I submit that the civil issue is not whether or not people will have abortions.  They always have and it seems reasonable to assume that they always will, as long as they have unwanted pregnancies.  The charitable problem arises, first in accepting a credible way of birth control to present those unwanted pregnancies and, second, in allowing medical care for those suffering through abortions.  Once the abortion is complete, then what?

Abortion and birth control, for that matter, was not an issue with the Church until the Nineteenth Century.  For almost two millennium abortion and birth control were a given, about which the Church did not get involved beyond her own confines.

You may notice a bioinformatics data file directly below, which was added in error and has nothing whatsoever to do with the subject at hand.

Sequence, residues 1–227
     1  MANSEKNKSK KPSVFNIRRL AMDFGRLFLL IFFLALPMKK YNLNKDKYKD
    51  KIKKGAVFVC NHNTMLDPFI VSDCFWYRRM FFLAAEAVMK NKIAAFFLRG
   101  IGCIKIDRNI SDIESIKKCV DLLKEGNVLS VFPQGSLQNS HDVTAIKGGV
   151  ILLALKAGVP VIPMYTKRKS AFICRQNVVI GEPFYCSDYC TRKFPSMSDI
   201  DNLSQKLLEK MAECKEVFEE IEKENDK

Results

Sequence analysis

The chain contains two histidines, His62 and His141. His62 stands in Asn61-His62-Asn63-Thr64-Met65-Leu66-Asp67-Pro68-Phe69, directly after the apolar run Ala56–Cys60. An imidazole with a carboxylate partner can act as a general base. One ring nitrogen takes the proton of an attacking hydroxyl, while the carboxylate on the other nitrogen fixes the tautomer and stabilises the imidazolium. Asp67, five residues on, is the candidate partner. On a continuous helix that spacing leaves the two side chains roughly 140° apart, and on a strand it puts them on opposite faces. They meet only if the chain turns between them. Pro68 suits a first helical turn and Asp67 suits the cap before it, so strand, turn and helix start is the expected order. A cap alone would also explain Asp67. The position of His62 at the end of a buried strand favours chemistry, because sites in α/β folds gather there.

Rather than marching on abortion clinics, why not, in charity, encourage medical science to develop a way for ending unwanted pregnancies “naturally.”  Why not free moral theologians to explore the problem, rather than to assume there are no alternatives, thereby closing discussion.

The distinction between an abortion that is “procured” and one that is not “procured” is moot.  Some abortions do occur “naturally.”  Science says that about nine of ten conceptions flush down the toilet, without the mother ever knowing about the abortion.